UPDATE: If you’re interested in learning more about bees and colony collapse disorder, you should head to one of the Laemmle Theaters this weekend to see VANISHING OF THE BEES, a new documentary on that very subject. It’s narrated by Ellen Page, who I’m pretty sure I saw in Whole Foods once, so I have a personal interest in this film.
Let’s face it: Honeybees are jerks. They fly around your face, buzzing and buzzing, trying to get you to swat them so they have a legally bulletproof excuse to sting you. They’re the Nelson Muntzes of the animal kingdom. If they were bigger than us and had hands, they’d constantly be imploring us to Stop Hitting Ourselves. So when you find a beehive on your property, your first reaction might be to call in Seal Team Six.
But wait. Little snots that they are, honeybees play a valuable role in the natural environment. They provide free, natural pollination to commercial crops, valued in the billions of dollars. They also produce honey, without which we would not have the hilarious adventures of Winnie-the-Pooh. So it’s important to maintain the bee population, particularly in light of their recent decline in population.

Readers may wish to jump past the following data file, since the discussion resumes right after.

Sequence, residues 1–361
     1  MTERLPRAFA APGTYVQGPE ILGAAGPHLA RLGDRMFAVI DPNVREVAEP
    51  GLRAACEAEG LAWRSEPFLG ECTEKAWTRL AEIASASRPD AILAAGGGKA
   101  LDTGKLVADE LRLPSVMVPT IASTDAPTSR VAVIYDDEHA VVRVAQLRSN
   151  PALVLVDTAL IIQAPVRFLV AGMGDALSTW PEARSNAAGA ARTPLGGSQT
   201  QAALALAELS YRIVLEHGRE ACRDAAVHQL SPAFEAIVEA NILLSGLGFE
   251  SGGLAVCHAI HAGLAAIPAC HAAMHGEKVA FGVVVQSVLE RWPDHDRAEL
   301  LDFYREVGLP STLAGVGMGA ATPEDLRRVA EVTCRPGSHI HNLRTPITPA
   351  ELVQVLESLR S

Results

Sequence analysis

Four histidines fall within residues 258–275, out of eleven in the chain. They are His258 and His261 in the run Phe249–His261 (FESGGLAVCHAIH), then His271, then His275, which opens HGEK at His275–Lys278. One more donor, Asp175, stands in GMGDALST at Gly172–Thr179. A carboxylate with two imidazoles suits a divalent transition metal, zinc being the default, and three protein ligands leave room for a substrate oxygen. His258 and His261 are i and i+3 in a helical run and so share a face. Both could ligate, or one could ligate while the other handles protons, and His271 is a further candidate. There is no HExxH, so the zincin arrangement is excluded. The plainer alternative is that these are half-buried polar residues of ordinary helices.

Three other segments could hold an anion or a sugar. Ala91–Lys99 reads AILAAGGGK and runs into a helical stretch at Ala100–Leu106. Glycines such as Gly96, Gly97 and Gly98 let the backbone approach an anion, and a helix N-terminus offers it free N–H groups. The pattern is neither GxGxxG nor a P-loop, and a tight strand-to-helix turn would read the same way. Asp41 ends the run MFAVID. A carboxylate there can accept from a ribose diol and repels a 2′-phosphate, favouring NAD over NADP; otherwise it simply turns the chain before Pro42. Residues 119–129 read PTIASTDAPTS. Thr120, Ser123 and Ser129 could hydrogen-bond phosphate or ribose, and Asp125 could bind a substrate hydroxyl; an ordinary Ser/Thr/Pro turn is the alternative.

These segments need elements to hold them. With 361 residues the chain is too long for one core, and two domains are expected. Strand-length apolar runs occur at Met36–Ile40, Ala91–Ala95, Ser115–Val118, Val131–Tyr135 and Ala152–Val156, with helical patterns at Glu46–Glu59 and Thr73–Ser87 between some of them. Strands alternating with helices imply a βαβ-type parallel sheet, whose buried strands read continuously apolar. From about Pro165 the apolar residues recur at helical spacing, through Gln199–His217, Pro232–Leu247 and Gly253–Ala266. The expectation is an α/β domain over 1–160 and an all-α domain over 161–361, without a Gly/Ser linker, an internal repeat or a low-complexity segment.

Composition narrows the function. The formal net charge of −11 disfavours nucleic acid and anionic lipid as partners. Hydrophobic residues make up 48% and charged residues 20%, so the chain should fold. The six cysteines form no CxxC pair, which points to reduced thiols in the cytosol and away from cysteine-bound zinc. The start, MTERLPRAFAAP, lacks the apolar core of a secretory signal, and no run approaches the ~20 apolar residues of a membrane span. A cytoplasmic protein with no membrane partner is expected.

Fortunately, the Backwards Beekeepers are here to help.
The Backwards Beekeepers is a community of organic beekeepers working to preserve the honeybee population in and around Los Angeles. As part of their mission, they offer removal services for nearly any beehive found on an LA property.
Just call the Beekeepers’ Google Voice number, leave a message detailing your address and a description of the beehive (where it is, how big it is, whether the bees are enormous and radioactive, etc). Since it’s a free service, they can’t always help everyone who needs it — particularly if the beehive is in a really hard-to-reach spot — but they’re providing a valuable service to both homeowners and the environment.